GDPR Brief: when can I rely on broad consent for research?

1 Apr 2019

Consent under the GDPR must generally be given for a specific purpose. But Recital 33 broadens this to allow “consent to certain areas of scientific research when in keeping with recognised ethical standards for scientific research”. The justification given is that in research, it’s often not possible to fully identify the purpose at the time of data collection.

Consent under the GDPR must generally be given for a specific purpose. But Recital 33 broadens this to allow “consent to certain areas of scientific research when in keeping with recognised ethical standards for scientific research”. The justification given is that in research, it’s often not possible to fully identify the purpose at the time of data collection.

Guidance endorsed by the European Data Protection Board clarifies that although Recital 33 allows a more flexible approach, it doesn’t “disapply” specific consent. A well-described purpose is still required, meaning that blanket or vaguely worded consent is invalid. And when consent is given to areas of scientific research, the guidance says, countermeasures must be in place to respect the spirit of specific consent, such as greater transparency and further safeguards, among others. Although the guidance is silent on this point, one way to address Recital 33’s requirement of adherence to “recognised ethical standards” would be approval by a competent research ethics committee.

For secondary research use to be made by another party, Recital 33 also requires that this party be able to prove consent and to have been identified to the participant.

As last month’s GDPR Brief argued, researchers should consider relying on a GDPR lawful basis other than consent, and in fact UK guidance states categorically that consent should not be the GDPR basis for health and social care research. The breadth of permissible secondary use under other lawful bases restrained, for example by the necessity and balancing tests of the legitimate interests basis. On the other hand, the breadth of secondary use may be expanded by the GDPR principle that further processing for research purposes is deemed compatible with a valid initial purpose, with certain conditions.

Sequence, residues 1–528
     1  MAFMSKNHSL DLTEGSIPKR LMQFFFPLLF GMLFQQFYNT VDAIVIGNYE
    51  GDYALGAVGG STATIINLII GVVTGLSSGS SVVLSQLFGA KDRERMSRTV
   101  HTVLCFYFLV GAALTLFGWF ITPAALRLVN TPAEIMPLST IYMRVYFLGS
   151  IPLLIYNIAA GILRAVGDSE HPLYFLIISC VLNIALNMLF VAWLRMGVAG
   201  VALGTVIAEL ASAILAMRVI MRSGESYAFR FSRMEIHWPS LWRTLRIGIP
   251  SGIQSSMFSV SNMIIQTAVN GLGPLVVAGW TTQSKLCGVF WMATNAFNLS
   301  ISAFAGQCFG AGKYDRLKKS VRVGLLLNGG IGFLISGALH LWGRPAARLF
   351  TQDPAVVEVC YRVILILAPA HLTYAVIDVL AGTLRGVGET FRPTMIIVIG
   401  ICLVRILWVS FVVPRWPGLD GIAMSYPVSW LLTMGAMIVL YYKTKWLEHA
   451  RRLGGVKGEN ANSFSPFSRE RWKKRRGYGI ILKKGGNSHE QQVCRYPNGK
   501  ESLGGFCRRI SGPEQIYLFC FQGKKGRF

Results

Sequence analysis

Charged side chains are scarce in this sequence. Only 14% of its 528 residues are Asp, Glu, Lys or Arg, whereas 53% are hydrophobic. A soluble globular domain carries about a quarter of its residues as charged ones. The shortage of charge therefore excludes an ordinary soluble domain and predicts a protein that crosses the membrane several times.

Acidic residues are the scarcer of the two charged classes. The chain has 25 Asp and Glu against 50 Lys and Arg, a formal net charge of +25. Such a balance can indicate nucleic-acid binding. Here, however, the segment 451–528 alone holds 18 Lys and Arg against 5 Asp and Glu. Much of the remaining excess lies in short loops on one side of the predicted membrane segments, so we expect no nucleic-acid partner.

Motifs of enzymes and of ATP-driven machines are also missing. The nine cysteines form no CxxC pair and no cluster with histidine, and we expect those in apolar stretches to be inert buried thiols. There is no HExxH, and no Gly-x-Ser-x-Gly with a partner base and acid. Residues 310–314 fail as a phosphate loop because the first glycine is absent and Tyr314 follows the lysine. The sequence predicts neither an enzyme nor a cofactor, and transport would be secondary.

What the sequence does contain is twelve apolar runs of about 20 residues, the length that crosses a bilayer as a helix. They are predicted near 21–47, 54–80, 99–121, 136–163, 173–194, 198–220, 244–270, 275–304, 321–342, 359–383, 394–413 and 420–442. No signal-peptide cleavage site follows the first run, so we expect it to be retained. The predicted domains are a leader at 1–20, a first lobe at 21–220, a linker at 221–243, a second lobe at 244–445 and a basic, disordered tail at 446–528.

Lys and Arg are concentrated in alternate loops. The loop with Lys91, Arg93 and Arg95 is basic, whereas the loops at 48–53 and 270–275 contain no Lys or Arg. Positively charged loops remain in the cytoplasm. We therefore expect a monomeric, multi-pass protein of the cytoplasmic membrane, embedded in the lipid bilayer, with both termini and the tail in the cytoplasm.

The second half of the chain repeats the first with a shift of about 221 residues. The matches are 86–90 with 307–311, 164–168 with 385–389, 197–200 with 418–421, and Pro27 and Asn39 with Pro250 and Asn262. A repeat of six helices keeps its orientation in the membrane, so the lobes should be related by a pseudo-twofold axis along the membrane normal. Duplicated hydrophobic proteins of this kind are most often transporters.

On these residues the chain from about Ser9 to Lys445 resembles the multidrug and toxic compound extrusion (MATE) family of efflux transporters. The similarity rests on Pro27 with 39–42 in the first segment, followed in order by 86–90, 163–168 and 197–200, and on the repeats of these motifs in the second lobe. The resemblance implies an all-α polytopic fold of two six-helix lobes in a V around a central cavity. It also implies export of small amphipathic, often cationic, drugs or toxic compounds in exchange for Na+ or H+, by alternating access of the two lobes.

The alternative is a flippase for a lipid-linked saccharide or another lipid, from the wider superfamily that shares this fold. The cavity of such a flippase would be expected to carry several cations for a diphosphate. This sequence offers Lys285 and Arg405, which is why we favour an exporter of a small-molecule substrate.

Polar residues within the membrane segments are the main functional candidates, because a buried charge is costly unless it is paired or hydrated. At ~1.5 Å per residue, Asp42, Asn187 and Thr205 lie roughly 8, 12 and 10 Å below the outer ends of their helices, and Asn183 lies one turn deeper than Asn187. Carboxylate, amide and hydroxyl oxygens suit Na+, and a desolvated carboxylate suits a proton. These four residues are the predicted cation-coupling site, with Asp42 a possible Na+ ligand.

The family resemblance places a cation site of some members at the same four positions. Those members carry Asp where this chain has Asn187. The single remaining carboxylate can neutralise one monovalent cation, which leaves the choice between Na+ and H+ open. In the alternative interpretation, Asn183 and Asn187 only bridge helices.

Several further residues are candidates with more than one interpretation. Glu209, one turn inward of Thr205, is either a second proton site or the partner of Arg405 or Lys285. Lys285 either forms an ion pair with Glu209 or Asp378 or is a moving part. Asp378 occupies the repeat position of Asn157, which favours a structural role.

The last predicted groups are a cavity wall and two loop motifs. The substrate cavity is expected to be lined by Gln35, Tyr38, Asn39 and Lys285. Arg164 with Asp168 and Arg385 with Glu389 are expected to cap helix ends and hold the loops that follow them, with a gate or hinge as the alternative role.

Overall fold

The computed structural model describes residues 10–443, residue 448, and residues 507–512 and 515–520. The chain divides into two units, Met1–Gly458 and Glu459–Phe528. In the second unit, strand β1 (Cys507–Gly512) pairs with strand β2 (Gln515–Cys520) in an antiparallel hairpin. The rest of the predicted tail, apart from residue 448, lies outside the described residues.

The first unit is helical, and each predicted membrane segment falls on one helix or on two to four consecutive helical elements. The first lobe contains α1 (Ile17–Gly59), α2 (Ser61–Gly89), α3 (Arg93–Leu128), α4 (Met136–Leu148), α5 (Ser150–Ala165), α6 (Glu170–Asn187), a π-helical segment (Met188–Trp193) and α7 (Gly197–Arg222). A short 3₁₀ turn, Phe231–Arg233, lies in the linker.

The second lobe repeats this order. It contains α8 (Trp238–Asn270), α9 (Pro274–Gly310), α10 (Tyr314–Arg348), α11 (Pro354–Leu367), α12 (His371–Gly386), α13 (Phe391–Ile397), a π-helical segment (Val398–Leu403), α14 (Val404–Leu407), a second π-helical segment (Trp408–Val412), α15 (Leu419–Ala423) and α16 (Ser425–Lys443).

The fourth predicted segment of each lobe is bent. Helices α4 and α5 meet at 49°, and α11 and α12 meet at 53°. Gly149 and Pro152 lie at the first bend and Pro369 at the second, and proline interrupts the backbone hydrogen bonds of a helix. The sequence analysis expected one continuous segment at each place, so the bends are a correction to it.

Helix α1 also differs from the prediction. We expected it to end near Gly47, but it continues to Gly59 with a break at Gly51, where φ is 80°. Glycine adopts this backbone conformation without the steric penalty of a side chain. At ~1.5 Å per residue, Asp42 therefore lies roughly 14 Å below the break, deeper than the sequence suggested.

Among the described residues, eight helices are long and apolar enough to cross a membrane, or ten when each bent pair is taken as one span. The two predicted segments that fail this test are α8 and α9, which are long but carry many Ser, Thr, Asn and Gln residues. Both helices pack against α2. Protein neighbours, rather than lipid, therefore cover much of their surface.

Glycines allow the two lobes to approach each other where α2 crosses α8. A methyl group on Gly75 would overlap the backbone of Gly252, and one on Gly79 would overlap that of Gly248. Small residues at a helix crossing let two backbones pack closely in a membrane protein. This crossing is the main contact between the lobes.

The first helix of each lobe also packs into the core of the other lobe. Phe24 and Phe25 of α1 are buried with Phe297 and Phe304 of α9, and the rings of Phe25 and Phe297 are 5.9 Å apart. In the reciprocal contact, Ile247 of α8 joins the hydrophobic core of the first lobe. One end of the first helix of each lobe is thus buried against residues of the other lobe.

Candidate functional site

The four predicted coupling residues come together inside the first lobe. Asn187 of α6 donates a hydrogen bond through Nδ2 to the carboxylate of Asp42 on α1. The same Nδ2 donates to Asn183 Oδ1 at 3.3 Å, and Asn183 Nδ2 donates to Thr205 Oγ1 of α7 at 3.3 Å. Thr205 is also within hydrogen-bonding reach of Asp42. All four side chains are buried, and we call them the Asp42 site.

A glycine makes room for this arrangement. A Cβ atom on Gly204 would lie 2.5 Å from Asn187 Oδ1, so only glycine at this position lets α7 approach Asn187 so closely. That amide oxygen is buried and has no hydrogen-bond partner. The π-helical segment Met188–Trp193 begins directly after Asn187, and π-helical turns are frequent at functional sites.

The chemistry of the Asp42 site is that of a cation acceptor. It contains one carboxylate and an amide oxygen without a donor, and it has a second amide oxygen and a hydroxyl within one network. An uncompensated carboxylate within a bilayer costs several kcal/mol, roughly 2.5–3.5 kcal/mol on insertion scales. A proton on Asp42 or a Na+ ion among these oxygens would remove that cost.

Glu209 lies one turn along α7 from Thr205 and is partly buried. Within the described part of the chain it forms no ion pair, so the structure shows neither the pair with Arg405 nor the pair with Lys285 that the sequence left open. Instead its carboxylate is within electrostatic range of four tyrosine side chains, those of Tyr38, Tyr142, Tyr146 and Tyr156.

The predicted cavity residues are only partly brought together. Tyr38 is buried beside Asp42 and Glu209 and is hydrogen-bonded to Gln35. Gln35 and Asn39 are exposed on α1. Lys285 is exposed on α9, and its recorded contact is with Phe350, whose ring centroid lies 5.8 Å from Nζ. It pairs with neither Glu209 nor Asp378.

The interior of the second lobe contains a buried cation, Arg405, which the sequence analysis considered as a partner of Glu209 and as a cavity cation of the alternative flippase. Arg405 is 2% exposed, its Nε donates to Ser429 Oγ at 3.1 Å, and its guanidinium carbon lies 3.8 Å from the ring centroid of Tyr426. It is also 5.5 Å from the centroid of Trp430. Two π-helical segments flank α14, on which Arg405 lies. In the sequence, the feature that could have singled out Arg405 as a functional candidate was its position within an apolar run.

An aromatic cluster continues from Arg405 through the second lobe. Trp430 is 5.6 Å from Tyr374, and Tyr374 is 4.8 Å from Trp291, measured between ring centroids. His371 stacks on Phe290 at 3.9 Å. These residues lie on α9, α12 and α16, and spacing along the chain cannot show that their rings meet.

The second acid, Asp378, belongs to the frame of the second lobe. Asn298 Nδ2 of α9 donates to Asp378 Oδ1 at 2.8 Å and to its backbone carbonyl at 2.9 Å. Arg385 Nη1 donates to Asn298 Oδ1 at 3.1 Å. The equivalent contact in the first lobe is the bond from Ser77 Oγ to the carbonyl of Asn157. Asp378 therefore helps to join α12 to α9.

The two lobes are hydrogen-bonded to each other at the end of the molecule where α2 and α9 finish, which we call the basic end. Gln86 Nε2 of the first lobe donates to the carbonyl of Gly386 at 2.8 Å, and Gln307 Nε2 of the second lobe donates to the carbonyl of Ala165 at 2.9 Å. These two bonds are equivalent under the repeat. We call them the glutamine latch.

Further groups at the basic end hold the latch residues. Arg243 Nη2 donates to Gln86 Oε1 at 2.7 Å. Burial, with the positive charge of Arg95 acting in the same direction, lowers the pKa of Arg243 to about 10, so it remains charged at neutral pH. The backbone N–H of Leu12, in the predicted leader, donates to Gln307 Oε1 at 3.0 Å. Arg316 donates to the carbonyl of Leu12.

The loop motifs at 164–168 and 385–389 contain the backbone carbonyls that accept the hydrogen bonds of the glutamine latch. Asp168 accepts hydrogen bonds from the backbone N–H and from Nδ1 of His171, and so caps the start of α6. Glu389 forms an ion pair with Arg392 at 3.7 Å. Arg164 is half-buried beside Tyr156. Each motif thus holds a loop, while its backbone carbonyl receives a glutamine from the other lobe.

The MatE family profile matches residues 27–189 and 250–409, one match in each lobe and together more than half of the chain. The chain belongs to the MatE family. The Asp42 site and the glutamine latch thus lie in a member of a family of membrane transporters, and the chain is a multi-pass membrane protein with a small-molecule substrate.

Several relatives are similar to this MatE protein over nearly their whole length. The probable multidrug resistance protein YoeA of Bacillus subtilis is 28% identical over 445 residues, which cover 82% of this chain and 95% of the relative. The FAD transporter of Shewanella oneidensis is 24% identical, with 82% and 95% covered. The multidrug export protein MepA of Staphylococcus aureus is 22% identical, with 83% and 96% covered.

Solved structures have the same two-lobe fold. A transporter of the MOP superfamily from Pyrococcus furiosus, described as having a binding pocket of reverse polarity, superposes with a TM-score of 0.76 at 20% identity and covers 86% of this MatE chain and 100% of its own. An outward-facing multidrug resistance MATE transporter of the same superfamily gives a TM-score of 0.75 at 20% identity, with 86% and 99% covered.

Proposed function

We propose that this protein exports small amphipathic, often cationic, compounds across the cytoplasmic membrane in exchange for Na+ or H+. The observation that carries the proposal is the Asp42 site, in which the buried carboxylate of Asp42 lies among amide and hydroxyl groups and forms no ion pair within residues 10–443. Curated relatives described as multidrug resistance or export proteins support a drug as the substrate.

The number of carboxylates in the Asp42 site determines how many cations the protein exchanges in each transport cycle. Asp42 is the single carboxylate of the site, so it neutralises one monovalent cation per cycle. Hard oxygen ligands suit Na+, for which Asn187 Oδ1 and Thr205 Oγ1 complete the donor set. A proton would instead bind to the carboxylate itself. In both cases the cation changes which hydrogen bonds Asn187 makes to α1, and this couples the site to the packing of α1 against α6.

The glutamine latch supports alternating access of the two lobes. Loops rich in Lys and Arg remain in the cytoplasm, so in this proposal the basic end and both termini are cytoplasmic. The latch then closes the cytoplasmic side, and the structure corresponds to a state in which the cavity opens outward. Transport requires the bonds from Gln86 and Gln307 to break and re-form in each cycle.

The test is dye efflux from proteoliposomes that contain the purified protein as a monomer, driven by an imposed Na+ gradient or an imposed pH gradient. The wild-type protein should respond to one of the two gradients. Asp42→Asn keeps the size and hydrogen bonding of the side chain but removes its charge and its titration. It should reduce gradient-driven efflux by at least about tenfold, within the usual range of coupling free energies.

But data protection consent cannot always be avoided in health research. Irish law, for example, generally requires explicit consent to any processing for health research, meaning consent cannot simply be inferred from the participant’s behaviour. These rules nonetheless do not require specific consent: consent can be given “in relation to a particular area or more generally in that area or a related area of health research, or part thereof.”

This GDPR brief addresses the scope of consent only in data protection law. Even if consent is not used as a GDPR lawful basis, limits on broad consent may be imposed by other legal rules, such as those governing research ethics consent.

Further Reading
Relevant GDPR Provisions
  • Article 4(11) – consent must be freely given, specific, informed, unambiguous, and given by a clear affirmative action
  • Recital 33 –  consent may be given to certain areas of scientific research when in keeping with recognised ethical standards
  • Article 5(1)(b) & Recital 50 – further processing for research purposes is deemed compatible with a legally valid initial purpose

Mark Phillips is a lawyer with a background in computer science, and an Academic Associate at the Centre of Genomics and Policy. McGill University. He advises clients on and writes about various data protection issues.

See all previous briefs.

Please note that GDPR Briefs neither constitute nor should be relied upon as legal advice. Briefs represent a consensus position among Forum Members regarding the current understanding of the GDPR and its implications for genomic and health-related research. As such, they are no substitute for legal advice from a licensed practitioner in your jurisdiction.

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